Chinese property giant Evergrande on the brink - GulfToday

Chinese property giant Evergrande on the brink

 Evergrande’s latest troubles have caused its shares to plunge as much as 24% in the current week.

Evergrande’s latest troubles have caused its shares to plunge over 24% in the current week.

Trouble began for the second largest Chinese real estate company, China Evergrande in 2021 when it defaulted on its payments, but survived because of the short duration in spurt in the property segment of the economy. But it has reached a deeper critical point as it is unable to offer international creditors a credible debt restructuring plan.

And on Wednesday, according to reports that Western media is unable to confirm, owner of Evergrande Hui Ka Yan has been placed under police surveillance, which is short of a formal detention. But he cannot meet anyone, cannot travel and he would have to surrender his passport. It is a dramatic fall in fortunes for Hui, who was ranked the richest Asian by American business magazine Forbes with wealth of over $45 billion. But his wealth has fallen to around $3 billion, and the company owes over $300 billion to foreign creditors.

Hui’s is a classic story of rags to riches. Born in a poor family, he graduated in engineering and worked as a worker in a steel plant for 10 years before he set off on his successful climb as an entrepreneur when he founded Evergrande in Guangzhou in the southern province of Guangdo. It has been noted that his expansion has been achieved on the back of debt, which is seen as a legitimate market strategy. But it is when the Chinese economy slowed down, and the property sector was unable to grow that the liabilities began to accumulate to the extent that it became impossible to keep up with the payments.

The question was whether the Chinese government would rescue Evergrande on the principle of “too big to fail” because if Evergrande falls the economy would sink into a crisis. Though the Chinese government did bring down the mortgage rates, it does not seem eager to intervene in the market to save big private players like Evergrande going into bankruptcy. This raises the question of how the Chinese government views the market economy it has allowed to grow since the Deng Xiao Ping reforms of more than 40 years ago. It is a fact that it is the market forces that helped China to become the engine of global economy and the second largest economy after the United States.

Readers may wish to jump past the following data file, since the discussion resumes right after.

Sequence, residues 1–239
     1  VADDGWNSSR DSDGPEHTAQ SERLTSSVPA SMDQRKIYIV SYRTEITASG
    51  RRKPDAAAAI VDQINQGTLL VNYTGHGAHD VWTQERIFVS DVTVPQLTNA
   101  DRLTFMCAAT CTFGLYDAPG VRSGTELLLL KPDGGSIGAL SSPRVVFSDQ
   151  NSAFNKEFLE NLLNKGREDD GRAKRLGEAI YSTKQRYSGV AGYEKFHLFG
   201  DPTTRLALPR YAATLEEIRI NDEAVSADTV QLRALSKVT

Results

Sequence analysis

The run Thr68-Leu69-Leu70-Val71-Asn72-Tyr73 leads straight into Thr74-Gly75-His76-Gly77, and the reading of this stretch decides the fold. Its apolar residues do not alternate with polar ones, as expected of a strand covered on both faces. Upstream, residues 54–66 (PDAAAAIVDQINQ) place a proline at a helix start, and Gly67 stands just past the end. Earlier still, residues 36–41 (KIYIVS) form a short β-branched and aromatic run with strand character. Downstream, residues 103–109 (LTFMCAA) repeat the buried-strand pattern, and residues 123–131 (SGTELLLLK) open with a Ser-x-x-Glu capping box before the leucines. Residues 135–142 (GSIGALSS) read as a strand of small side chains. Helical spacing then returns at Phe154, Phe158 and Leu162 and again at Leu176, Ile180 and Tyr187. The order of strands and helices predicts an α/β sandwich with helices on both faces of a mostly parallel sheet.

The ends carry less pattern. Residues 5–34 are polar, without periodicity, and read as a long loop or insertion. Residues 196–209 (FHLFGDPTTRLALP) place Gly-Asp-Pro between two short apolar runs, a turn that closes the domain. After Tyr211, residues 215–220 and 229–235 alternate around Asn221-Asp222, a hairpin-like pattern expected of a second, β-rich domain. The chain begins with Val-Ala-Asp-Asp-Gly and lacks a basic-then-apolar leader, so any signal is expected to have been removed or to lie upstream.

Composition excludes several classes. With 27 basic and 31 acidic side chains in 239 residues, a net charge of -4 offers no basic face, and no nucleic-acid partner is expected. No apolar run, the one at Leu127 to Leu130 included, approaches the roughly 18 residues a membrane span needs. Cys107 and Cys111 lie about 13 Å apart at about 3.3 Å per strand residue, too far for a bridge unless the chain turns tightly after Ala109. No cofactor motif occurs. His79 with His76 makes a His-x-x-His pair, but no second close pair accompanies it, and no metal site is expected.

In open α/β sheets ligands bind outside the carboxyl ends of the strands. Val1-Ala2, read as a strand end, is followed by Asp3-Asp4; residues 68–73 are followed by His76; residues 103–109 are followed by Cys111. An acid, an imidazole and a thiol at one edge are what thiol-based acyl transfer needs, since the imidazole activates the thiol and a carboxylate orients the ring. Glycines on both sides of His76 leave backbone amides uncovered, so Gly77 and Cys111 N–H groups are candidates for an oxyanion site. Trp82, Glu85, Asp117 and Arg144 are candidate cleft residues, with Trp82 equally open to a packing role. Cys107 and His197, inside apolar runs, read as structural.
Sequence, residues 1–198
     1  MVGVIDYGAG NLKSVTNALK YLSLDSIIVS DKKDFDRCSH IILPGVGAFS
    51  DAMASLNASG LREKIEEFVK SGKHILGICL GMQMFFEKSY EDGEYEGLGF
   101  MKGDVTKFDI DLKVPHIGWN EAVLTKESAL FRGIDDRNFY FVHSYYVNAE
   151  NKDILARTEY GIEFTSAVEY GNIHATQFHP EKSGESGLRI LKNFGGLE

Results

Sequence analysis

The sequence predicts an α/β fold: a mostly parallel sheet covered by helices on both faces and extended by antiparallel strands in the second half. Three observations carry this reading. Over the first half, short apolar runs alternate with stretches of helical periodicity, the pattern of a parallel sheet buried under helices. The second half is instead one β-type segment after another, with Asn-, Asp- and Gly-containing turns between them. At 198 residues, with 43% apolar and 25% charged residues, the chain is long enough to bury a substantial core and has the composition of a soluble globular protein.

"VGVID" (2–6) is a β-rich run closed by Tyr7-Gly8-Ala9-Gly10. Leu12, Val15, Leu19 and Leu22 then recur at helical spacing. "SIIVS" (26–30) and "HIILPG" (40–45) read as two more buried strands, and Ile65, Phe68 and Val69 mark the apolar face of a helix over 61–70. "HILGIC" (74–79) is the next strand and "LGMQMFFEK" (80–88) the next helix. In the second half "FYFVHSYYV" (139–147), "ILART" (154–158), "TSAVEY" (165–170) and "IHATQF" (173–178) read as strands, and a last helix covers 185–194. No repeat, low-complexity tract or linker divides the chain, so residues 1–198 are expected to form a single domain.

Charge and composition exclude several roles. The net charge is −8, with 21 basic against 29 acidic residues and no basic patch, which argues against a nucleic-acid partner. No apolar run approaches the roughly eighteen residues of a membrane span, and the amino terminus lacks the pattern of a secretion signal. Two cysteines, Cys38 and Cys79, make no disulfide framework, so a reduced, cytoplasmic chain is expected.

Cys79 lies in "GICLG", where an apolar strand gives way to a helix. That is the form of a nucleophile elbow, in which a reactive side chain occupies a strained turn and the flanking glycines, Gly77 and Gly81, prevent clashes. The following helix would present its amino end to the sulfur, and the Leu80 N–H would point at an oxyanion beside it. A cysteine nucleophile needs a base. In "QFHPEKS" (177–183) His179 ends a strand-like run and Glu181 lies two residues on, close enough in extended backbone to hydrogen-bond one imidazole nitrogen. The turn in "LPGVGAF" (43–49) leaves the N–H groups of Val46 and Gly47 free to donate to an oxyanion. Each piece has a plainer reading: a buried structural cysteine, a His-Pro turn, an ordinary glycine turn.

In the last few years, since the end of the Covid pandemic in 2021-22, the Chinese economy has been struggling to recover its pre-pandemic highs in economic growth but it has been facing problems. The woes of Evergrande partly arise from the general economic situation in China. Many of the doomsayers have been predicting that the Chinese economy is going the Japanese way, and that even as Japan’s economy has not recovered from the slump of the 1990s in the last three decades, China too is unlikely to recover from the slowdown it is experiencing now.

But no one is yet to write off China and there is the expectation that China will make a comeback and though it may not grow at the feverish pace of 10 per cent growth of over 30 years, it will clock reasonable rates of growth and it will remain the top economy for a long time to come.

It appears that the fluctuating fortunes of tycoons like Hui will not affect the Chinese economy, and that it has reached a stage where billionaires many change but the economy will remain vibrant.

And there is also the suspicion that the Chinese government would want to come down heavily on tycoons who have been trying to grow too big like Jack Ma of Ali Baba and Tencent, or they did not play according to the rule as it seems to be in the case of Hui. In the case of Hui, he has been close to the leaders of the Chinese Communist Party and his fault seems to be economic and not political wrongdoing.

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